Dave Ramsey would tell you that debit cards from MasterCard and Visa offer the same $0 fraud liability protection that credit cards do.
From his website:
What most people don’t realize is that credit companies like Visa or Mastercard protect their debit card purchases too. If you run your debit card as credit when you make a purchase (which may show up as “pending” on your account), you have the exact same protections as a credit card.
He's not wrong in saying this. When you use a MasterCard or Visa (as well as other card brands), you have $0 fraud liability, whether that card is a credit card or a debit card. If a fraudulent transaction comes through, you dispute the transaction, and the bank will give you your money back. A thief using your card in this way has ultimately stolen from the bank, not from you.
However, there is a difference between how credit cards and debit cards work. When a charge is made on a credit card, the amount is borrowed/applied to your credit limit. If a fraudulent charge comes through, it is not a big deal: you dispute the charge, the bank investigates and removes it, and you never have to pay it.
With a debit card, though, charges are removed from your checking account immediately. As a result, a large fraudulent charge can potentially empty your bank account before you realize what has happened, which can result in further problems when you make legitimate purchases. In the end, the charge will be removed (the charge can still be disputed and the bank will give you the money back), but in the mean time if your bank account is empty you will have legitimate bills that need to be paid, possibly incurring overdraft fees or late penalties.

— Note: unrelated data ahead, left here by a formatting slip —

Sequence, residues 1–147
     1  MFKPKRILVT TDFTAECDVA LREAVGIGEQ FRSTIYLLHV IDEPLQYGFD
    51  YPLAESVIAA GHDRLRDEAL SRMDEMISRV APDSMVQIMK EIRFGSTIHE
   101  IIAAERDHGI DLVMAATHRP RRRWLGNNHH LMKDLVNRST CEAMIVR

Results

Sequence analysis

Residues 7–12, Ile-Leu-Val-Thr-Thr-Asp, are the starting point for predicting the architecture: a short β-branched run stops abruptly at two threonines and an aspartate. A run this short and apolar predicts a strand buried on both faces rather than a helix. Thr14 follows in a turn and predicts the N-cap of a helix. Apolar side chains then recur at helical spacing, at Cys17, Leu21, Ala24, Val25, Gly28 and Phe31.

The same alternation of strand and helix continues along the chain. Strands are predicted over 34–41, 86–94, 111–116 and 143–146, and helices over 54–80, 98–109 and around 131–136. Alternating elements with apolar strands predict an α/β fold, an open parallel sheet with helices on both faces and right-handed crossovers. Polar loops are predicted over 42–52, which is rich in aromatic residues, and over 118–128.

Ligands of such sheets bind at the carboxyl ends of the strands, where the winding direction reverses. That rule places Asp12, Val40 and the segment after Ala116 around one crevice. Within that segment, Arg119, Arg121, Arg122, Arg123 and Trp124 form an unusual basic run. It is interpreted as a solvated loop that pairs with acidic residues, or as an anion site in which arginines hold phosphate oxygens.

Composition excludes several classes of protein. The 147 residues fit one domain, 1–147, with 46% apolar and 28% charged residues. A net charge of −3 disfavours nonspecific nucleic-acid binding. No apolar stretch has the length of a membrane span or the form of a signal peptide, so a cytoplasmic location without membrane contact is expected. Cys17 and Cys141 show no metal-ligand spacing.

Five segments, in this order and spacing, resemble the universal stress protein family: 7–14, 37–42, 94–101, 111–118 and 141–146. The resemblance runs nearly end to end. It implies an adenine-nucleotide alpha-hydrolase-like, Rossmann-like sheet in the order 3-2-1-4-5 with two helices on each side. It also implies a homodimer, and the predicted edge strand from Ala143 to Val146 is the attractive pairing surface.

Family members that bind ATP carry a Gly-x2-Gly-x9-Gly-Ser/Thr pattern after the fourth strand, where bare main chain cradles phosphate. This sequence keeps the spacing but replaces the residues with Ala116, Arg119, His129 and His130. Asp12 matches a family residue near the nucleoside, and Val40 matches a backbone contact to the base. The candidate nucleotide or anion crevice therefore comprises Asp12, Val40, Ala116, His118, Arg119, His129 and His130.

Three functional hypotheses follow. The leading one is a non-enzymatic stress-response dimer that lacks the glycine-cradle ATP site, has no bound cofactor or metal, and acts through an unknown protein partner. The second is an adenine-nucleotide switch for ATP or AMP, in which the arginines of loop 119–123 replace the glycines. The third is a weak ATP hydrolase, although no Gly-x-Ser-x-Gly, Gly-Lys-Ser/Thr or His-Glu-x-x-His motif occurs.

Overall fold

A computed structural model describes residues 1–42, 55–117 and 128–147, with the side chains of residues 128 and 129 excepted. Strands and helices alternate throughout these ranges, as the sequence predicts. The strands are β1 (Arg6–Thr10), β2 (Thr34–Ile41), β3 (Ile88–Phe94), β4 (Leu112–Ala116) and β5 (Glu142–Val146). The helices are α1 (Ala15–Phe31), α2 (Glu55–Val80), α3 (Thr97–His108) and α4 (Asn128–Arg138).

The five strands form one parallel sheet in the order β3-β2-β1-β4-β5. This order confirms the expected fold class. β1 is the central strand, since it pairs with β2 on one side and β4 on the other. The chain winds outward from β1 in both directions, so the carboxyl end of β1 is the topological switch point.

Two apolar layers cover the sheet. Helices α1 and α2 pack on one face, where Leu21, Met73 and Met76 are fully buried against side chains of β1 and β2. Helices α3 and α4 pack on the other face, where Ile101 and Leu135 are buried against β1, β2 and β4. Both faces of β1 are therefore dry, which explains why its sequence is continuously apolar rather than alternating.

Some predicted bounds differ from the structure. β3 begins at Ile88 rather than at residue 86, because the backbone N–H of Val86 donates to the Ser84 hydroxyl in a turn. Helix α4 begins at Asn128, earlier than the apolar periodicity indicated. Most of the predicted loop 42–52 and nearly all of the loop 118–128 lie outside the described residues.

If you want to get rid of credit cards and only use debit cards, there are ways to mitigate the risk. If you keep a fairly large balance in your checking account (you can do this by keeping some or all of your emergency fund in your checking account), then a fraudulent charge is less likely to remove most or all of your balance. Another way to handle the risk is to purchase identity theft insurance (which Dave Ramsey recommends) that can work with the bank to solve the problem and pay for any losses you incur as a result.
Personally, I would describe myself a a fan of Dave Ramsey and have benefited from much of his teaching. However, I do use credit cards on a regular basis, because I see debit cards as too much of a risk for me. I use the credit cards as if they were debit cards: I only purchase things using my credit card that I already have the money for, and when a purchase is made I account for that purchase right away in my budgeting software even before the credit card bill is ultimately due, ensuring that I have the money to pay it in full each month. However, for some people that I know, the temptation for using a credit card irresponsibly is too much, and they are better off not having a credit card.